With the birth of my twins just over a year ago, we've been taking a lot more photos and video. Keeping all of that data organized is now becoming more important than ever. In the same way that people track genealogy and pass it down, I feel like the photographs and videos that we record are important pieces of our history and should be preserved for future generations to see. In this digital age, there's no reason for us to be passing down faded photographs, negatives, blurry video tapes or camcorder tapes that have no device to play them back with.
This blog covers my experiences with collection, conversion and storage of this important data. Hopefully you'll find something here useful in your own mission to preserve your memories.
Collecting Data for the Future
Before you start worrying about converting and archiving old data you should take inventory of your current collection methods. Obviously digital photography has been around for a long time and the quality you can achieve from a relatively inexpensive digital camera is pretty amazing. Almost all of the newer digital still cameras can also take really high quality 1080p video. Your choice of equipment really comes down to budget and how you want to use it. Even today's cell phones have amazing quality but I wouldn't rely on them as my primary method for documenting your kids' birthdays, holidays, etc.
I primarily use 4 pieces of equipment for taking photos and video. Each one has it's own time and place.
This camcorder takes video using the AVCHD format in full 1920x1080. It's very compact and has 32gb of built in memory. It also has an SD card slot for longer trips when you need more storage space. A typical camcorder like this one is very easy to use. Everything is automatic including focus, shutter speed, exposure, etc. It has the capability to take still pictures but I've just never been a fan of using a digital camcorder for stills. The video quality is great and because this is so easy to use, its hard to screw up the video. Lately I've used this around the house to capture Christmas morning with the kids and other things where I've wanted quick, easy video.
My Canon Digital SLR is my primary piece of equipment for photographs. Lately I've become more and more interested in photography and have set out to learn as much as I can and improve my photography skills. I've invested quite a bit in lenses and accessories to allow me to use the T3i in just about any situation. I really enjoy using the Canon for video because it allows you to be very creative. Unfortunately everything is manual and it takes a lot of practice to get great video. But when you get it right, it looks amazing. I take the Canon everywhere we go where we want to have great photos. It's a larger camera, but pretty easy to carry around so its worth the trouble in most cases. I have quite a few lenses, but typically just bring the one lens that gives me the most flexibility. Below is a list of various lenses I use and when I use them.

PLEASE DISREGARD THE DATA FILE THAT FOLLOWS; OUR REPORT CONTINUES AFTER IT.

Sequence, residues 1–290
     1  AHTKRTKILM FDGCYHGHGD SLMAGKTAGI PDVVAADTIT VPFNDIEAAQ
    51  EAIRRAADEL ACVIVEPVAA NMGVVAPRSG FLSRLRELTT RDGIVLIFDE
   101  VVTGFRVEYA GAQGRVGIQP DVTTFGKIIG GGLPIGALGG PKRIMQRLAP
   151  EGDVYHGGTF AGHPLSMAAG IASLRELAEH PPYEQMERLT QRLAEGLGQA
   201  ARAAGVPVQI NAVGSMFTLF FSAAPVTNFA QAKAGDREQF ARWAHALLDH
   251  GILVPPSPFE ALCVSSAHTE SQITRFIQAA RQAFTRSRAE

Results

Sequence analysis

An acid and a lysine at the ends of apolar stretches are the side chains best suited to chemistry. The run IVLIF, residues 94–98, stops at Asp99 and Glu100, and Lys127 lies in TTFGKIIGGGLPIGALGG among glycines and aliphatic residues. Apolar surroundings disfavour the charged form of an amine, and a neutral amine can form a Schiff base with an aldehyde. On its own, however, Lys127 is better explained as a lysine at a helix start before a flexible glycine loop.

Canon 17-55mm f/2.8
Canon 50mm f/1.8
Canon 70-300mm IS USM
For video, I also use a few other pieces of equipment such as a GlideCam HD-2000, Revolve camera dolly, Rode video mic, LED lights, etc. These are mainly just to get creative shots because I enjoy shooting and editing videos for fun.
My wife wanted a digital point-and-shoot that she could easily carry in her purse. For her, size was important so I decided on this model and we've been very happy with it. Not only does it take great photos but the HD video also looks very good. There are times when we don't have the Canon T3i with us and this camera does a great job of still allowing us to collect great pictures and video.
Last but not least, both of us use the Apple iPhone. This would never be our primary piece of gear for collecting images and video, but we are never anywhere without our cellphones and if there's something we need to capture, this is better than missing the opportunity altogether.
Whatever equipment you decide to use, think about where and how you want to use it. Will you be comfortable dragging around a larger camera with extra batteries, lenses, etc? Pick a device that fits your needs and that you won't leave home because its just too much of a pain. You'll regret it when you want to take that picture or capture that video and you don't have something with you. A good point-and-shoot is definitely worth investing in. I'm also really interested in the newer mirror-less cameras like the Sony NEX series. These cameras are a little more expensive, but get you near the quality of a DSLR with the size of a point-and-shoot and the flexibility of interchangeable lenses.
In "Part 2" I'll talk about my quest for the perfect data storage device and how to make sure your data is backed up and secure.